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The Physics of Nascar

The Physics of Nascar

The Physics of Nascar

Author
Evernham, Ray; Leslie-pelecky, Diandra L.;  
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Catalog
Science > Physics
Sports & Recreation > Motor Sports
Publisher
Penguin Group USA
ISBN-13
9780525950530
ISBN-10
0525950532
Publish
2008-02
Pages
286
Unit
Size
23.5 * 3.17 * 15.88
Format
Hardcover
Version

Product Description

Every NASCAR fan – at one time or another – asks the same question: Why isn’t my favorite driver winning? This is your chance to discover how much more there is to NASCAR than “Go fast, turn left and don’t crash.” If you’ve ever wondered why racecars don’t have mufflers, how “bump drafting” works, or what in the world “Let’s go up a pound on the right rear and add half a round of wedge” means, The Physics of NASCAR is for you.

In this fast-paced investigation into the adrenaline-pumping world of NASCAR, a physicist with a passion uncovers what happens when the rubber hits the road and 800- horsepower vehicles compete at 190 miles per hour only inches from one another.

Diandra Leslie-Pelecky reveals how and why drivers trust the engineering and science their teams literally build around them not only to get them across the finish line in first place, but also to keep them alive. Professor Leslie-Pelecky is a physicist in love with the sport’s beauty and power and is uniquely qualified to explain exactly how physics translates into winning races.

Based on the author’s extensive access to race shops, pit crews, crew chiefs and mechanics, this book traces the life cycle of a race car from behind the scenes at top race shops to the track. The Physics of NASCAR takes readers right into the ultra competitive world of NASCAR, from the champion driver’s hot seat behind the detachable steering wheel to the New Zealander nicknamed Kiwi in charge of shocks for the No. 19 car.

Diandra Leslie-Pelecky tells her story in terms anyone who drives a car--and maybe occasionally looks under the hood--can understand. How do drivers walk away from serious crashes? How can two cars travel faster together than either car can on its own? How do you dress for a 1800°F gasoline fire? In simple yet detailed, high-octane prose, this is the ultimate thrill ride for armchair speed demons, auto science buffs, and NASCAR fans at every level of interest.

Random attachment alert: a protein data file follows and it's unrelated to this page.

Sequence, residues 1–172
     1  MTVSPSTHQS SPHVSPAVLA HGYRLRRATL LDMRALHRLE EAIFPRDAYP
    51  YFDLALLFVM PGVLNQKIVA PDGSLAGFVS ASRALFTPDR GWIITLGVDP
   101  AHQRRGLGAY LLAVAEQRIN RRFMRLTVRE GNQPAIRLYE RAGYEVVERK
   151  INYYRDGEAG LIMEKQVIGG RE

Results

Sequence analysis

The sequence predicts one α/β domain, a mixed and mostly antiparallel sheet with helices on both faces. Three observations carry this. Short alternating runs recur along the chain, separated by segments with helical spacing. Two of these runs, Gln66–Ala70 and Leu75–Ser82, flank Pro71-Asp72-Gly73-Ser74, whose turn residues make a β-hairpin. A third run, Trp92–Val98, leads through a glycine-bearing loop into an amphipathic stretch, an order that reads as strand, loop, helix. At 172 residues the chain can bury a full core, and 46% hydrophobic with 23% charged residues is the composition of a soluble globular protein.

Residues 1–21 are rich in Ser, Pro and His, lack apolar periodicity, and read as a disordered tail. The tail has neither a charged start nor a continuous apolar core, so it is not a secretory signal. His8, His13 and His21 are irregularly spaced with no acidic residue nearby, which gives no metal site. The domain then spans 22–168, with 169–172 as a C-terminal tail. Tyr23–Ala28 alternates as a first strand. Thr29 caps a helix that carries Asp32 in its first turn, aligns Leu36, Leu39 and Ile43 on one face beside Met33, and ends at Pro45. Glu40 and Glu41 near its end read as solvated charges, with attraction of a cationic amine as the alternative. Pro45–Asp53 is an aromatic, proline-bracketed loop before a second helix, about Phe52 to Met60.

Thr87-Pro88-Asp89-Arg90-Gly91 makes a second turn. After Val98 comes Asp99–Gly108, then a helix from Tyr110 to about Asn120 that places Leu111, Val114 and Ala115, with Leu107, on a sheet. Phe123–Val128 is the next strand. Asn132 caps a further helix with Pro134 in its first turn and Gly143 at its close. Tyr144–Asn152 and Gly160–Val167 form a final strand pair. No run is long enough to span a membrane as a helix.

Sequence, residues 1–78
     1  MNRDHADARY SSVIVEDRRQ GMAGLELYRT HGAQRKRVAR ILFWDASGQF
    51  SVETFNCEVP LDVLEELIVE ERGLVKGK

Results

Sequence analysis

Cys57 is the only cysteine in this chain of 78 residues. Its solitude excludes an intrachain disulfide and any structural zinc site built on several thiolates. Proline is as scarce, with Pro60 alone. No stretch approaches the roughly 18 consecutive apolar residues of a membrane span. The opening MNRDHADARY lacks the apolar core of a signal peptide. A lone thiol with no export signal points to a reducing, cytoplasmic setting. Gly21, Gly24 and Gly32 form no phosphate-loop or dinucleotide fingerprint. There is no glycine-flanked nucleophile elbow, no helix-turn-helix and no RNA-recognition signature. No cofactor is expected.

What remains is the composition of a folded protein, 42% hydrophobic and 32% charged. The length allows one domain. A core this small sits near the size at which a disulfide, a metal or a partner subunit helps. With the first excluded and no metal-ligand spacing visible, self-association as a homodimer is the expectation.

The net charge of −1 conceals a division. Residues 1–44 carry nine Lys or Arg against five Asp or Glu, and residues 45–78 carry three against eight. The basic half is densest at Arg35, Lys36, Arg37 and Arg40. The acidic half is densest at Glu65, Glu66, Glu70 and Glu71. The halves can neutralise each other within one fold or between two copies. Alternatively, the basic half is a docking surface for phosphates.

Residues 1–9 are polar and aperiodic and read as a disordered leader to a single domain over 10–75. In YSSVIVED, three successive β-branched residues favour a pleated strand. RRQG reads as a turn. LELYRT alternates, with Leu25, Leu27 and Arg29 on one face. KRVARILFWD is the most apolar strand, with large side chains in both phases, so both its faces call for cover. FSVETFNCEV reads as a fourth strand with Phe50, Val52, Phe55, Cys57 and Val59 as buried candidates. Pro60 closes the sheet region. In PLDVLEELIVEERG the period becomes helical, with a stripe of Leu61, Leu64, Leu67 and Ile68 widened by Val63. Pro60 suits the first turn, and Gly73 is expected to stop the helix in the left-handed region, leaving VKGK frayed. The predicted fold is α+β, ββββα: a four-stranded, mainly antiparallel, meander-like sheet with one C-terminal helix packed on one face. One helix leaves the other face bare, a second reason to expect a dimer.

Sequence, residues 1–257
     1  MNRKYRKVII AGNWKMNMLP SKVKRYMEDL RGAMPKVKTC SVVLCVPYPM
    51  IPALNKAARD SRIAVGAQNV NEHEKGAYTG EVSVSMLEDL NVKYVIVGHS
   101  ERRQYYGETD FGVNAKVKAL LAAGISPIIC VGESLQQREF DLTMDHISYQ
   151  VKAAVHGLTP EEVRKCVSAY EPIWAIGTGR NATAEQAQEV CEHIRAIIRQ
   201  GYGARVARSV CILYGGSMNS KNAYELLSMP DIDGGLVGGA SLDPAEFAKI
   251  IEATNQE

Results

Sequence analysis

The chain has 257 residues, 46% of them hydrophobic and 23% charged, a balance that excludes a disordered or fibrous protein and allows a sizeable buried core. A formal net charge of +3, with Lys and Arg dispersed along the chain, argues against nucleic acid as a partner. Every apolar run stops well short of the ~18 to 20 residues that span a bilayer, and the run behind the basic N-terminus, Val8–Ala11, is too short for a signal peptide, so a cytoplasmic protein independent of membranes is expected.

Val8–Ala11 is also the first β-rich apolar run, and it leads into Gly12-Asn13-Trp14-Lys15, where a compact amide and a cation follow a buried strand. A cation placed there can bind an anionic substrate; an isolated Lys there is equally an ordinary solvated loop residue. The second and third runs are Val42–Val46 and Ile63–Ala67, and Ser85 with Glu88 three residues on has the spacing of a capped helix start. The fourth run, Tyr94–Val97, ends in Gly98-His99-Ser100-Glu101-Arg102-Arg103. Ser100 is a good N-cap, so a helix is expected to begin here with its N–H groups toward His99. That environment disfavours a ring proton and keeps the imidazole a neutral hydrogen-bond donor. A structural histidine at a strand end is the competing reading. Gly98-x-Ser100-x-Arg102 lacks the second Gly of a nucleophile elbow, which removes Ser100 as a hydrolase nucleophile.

Readers, start your engines.

About the Author

Diandra Leslie-Pelecky is Professor of Physics at The University of Texas at Dallas, where she researches biomedical nanomaterials. Dr. Leslie-Pelecky has published widely on her academic research and improving science education at all levels. This is her first book.

Review

A physicist herself, Leslie-Pelecky is impressed by the scientific methods used on the track and surprised by the problem solving in the pits, an open-mindedness that is trickling up to management. . . . "The trick with science is making the public care about it," Leslie-Pelecky says. And an awful lot of people care deeply about NASCAR." -- ESPN Magazine 2008

Currently a condensed-matter physicist at the University of Nebraska, Leslie-Pelecky regards a NASCAR track as a living laboratory. In her new book she outlines the many ways in which engineers, mechanics and driverswittingly and unwittingly rely on physics to drive as quickly and as safely as possible. . . . She also thinks the science of NASCAR could be an ideal way to make physics compelling to students bored by traditional teaching. "It would be a great course for anyone interested in science but afraid of science," she says. -- Peter Gwynne -- Physics World March 2008